OTTAWA — As of March 1, the province of Ontario will no longer require people show proof of vaccination to enter any indoor spaces, the premier, Doug Ford, announced on Monday morning.
In a call with reporters, Mr. Ford said that the change in public policy to rescind the so-called vaccine pass was based on the diminishing number of coronavirus cases and hospitalizations, and was not a concession to the demonstrators who have camped out in trucks around Parliament Hill; choked international trade by blockading a key border crossing in Windsor, Ontario; and inspired copycat protests around the country and world.
“Let me be very clear: We’re moving in this direction because it’s safe to do so,’’ Mr. Ford said. “Today’s announcement is not because of what’s happening in Ottawa, or Windsor, but despite it.”
Starting Feb. 17, indoor capacity limits in the province will be loosened, and some outdoor gathering limits lifted entirely, Mr. Ford said. Mask mandates, however, will remain in place “a little while longer,” he said, adding he made the decision in consultation with his minister of health.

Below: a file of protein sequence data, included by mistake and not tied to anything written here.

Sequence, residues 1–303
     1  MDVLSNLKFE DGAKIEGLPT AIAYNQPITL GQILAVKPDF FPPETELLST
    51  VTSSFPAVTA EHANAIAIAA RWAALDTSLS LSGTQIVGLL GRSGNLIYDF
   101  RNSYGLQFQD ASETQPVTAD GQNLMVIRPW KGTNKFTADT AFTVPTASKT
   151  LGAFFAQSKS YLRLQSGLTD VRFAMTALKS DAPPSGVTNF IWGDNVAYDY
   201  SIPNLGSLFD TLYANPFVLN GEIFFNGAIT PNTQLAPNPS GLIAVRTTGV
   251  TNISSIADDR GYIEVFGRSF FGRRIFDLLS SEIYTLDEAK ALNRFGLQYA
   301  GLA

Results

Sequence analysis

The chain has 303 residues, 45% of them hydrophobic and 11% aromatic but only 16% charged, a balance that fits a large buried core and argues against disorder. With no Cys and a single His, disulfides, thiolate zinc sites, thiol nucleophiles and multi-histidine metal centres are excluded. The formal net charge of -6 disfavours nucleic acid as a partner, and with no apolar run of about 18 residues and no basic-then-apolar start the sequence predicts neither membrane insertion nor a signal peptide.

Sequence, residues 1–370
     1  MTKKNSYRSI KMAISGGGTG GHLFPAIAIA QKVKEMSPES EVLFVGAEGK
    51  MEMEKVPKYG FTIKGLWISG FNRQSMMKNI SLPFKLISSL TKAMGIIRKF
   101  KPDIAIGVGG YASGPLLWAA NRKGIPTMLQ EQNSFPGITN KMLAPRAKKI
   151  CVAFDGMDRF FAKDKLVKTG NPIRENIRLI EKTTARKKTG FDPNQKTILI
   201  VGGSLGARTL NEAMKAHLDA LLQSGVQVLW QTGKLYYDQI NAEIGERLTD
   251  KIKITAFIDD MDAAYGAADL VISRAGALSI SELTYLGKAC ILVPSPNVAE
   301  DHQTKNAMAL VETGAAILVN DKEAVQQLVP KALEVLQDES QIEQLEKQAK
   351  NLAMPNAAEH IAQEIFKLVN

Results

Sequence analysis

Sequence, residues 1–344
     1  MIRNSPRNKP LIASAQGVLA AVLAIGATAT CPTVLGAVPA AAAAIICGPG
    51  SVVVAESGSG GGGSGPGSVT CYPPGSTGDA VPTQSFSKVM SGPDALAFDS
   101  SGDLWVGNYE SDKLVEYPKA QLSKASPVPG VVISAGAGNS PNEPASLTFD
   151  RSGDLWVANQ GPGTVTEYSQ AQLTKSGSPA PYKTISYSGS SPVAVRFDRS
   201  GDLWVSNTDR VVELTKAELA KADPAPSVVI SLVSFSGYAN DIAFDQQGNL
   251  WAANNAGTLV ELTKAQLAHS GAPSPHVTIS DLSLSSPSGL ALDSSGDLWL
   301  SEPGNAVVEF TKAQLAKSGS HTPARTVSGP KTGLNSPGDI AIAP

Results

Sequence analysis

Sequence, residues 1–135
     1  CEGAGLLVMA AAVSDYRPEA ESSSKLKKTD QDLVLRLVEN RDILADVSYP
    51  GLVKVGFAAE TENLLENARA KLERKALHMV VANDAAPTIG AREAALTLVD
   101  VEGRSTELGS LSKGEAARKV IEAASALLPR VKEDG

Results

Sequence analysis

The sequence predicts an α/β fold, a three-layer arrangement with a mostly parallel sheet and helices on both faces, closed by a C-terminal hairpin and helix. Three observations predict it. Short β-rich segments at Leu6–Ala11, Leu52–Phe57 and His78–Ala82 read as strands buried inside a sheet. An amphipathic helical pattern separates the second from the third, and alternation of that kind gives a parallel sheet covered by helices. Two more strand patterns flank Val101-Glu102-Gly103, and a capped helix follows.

A central demand of the protesters has been the lifting of a mandate that requires truckers who cross the border into the United States to be vaccinated to re-enter Canada. That requirement can only be set or rolled back by the federal government.
As Mr. Ford made his announcement, horns erupted in the Ottawa morning from the trucker encampment.
Guy Meister, a trucker from Aylesford, Nova Scotia, who has been camped in his truck outside Canada’s Parliament since the occupation began, said that he did not trust Mr. Ford’s word. He had brought to Ottawa a black-and-white checkered flag, the kind waved over the victor at car races, he said, to fly from his truck when he felt his demands were met.
“We are only here to stop the mandate,” Mr. Meister said. “If they stop the mandate, then I’ll fly it.”